Functional impairments and a loss of independence in different aspects, like driving, can exacerbate isolation.
Loneliness, in itself, is a contributor to substance abuse. Some older adults may use substances as a way to cope with loneliness and their inability to live the life they used to.
Older adults today herald from the baby boomer generation. Born between 1946 and 1964, this generation represents a time when the perception of drugs and drug use was changing.
Perhaps due in part to more of an open mind toward drug use, baby boomers report higher rates of substance use.
For example, about 4.2% of adults ages 65 and older reported using marijuana in 2018, up from 2.4% in 2015. This increased usage may also reflect changing laws regarding the use of weed.
Signs Of Substance Abuse In Older Adults
When a person is experiencing a drug or alcohol addiction, there are usually telltale physical and/or behavioral side effects that family members, friends, or caregivers may notice.
Warning signs of substance use disorder (SUD) in older adults include:
- bloodshot or glossy eyes
- pupils that are pinhole-sized or oversized
- shakiness or tremors
- slurred speech
- uncharacteristic mood swings, i.e., paranoia, fear, aggression, giddiness, etc.
- increased anxiety or depression
- memory loss
- reduced concern for personal appearance and/or hygiene
- sudden weight loss or gain
- increased isolation
- increase in falls, bruises, or burns
Again, these signs may be mistakenly attributed to aging, allowing an SUD to go unnoticed in an older adult.
Older Adults Most At Risk
Statistically, some older adults face a higher risk of abusing alcohol or drugs in their later years than others.
Risk factors that increase the likelihood of substance abuse among this cohort include:
- being of the baby boomer generation
- Caucasian ethnicity
- being male for alcohol use and being female for prescription drug misuse
- having a disability
- living alone
- long-term chronic pain
- a history of substance abuse or mental illness
- having lost a spouse
- a higher income/savings
- recently retired unexpectedly or laid-off
How To Support Older Adults With Addiction Issues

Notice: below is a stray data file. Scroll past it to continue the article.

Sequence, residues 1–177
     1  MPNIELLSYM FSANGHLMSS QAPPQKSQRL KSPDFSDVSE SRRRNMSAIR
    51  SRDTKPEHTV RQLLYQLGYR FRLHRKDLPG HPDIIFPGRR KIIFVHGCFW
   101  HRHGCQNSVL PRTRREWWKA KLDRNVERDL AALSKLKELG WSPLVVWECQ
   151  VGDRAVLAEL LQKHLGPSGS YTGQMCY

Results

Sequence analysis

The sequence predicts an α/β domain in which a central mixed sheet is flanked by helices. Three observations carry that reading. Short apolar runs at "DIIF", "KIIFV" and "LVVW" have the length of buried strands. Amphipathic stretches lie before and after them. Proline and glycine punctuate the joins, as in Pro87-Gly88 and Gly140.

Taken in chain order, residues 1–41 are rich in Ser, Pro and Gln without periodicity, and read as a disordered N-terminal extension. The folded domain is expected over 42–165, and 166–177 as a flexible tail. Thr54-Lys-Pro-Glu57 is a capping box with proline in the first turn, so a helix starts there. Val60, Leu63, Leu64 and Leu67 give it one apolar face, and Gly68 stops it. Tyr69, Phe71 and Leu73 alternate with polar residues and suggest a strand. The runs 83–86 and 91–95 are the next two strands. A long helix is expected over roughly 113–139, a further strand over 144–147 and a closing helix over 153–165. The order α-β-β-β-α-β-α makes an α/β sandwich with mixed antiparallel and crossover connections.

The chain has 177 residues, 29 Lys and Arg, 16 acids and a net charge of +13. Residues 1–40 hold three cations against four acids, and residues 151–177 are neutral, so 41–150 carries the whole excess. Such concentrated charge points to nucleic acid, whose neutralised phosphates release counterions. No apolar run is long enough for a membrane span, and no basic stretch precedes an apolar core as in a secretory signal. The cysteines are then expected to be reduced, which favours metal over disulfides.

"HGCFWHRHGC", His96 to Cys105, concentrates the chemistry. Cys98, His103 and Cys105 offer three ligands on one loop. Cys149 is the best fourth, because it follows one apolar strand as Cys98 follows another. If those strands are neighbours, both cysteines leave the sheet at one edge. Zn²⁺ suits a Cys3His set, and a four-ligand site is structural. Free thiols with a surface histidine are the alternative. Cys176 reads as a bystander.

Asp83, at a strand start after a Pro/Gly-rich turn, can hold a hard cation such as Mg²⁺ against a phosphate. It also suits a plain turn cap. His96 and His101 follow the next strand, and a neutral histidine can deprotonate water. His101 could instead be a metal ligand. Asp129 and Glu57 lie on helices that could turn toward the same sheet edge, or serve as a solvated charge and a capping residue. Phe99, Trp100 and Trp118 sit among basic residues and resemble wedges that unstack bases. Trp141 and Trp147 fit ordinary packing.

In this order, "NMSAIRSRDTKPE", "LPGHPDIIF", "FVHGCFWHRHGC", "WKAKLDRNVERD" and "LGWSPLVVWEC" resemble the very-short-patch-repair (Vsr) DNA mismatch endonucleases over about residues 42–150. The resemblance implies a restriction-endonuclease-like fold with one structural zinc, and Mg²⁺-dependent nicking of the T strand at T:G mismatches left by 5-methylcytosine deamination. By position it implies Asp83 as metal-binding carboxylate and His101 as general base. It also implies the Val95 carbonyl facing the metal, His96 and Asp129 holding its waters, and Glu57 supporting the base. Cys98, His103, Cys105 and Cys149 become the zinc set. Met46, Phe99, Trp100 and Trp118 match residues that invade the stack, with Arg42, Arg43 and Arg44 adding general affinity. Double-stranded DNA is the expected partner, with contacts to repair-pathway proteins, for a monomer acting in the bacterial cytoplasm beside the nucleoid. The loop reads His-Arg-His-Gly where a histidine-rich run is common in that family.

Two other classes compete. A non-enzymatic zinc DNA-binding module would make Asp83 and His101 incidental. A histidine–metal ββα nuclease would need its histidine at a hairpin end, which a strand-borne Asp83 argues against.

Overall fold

The good news is that addiction treatment is known to have a more positive effect on older people compared to younger people.
Many older adults view substances as their “one last pleasure” in life. Medical professionals should ask older patients about substance use in a non-judgmental way so as to avoid stigmatization and prevent defensiveness.
Substance Abuse Treatment For Older Adults
Treatment centers for older adults are designed to support medical and emotional needs, while ensuring their comfort throughout.
Talk therapy, such as cognitive behavioral therapy (CBT) and family therapy, is one way that older adults can seek help for substance abuse.
Therapy can help people identify the root of their addiction.
Addiction is often a family disease, so involving other family members in care can allow everyone to collectively participate in the healing journey.
Peer-Led Support Groups
Older adults experiencing addiction may attend peer recovery groups like Alcoholics Anonymous (AA) or Narcotics Anonymous (NA) to connect with people with similar experiences.
These groups promote recovery through peer reliance and support, and cohesively reduce the shame and stigma that is often associated with addiction.
Get Help For Substance Abuse Today
If you or a loved one is dealing with drug or alcohol addiction, contact DetoxRehabs.net and get connected to a treatment center today.Article Sources
- Advances in Gerontology – Prevalence, Structure, And Risk Factors For Mental Disorders In Older People
- Clinics in Geriatric Medicine – Substance Abuse Among Older Adults
- National Institute on Drug Abuse (NIDA) – Substance Use In Older Adults DrugFacts
- Substance Abuse and Mental Health Services Administration (SAMHSA) – 2021 NSDUH Detailed Tables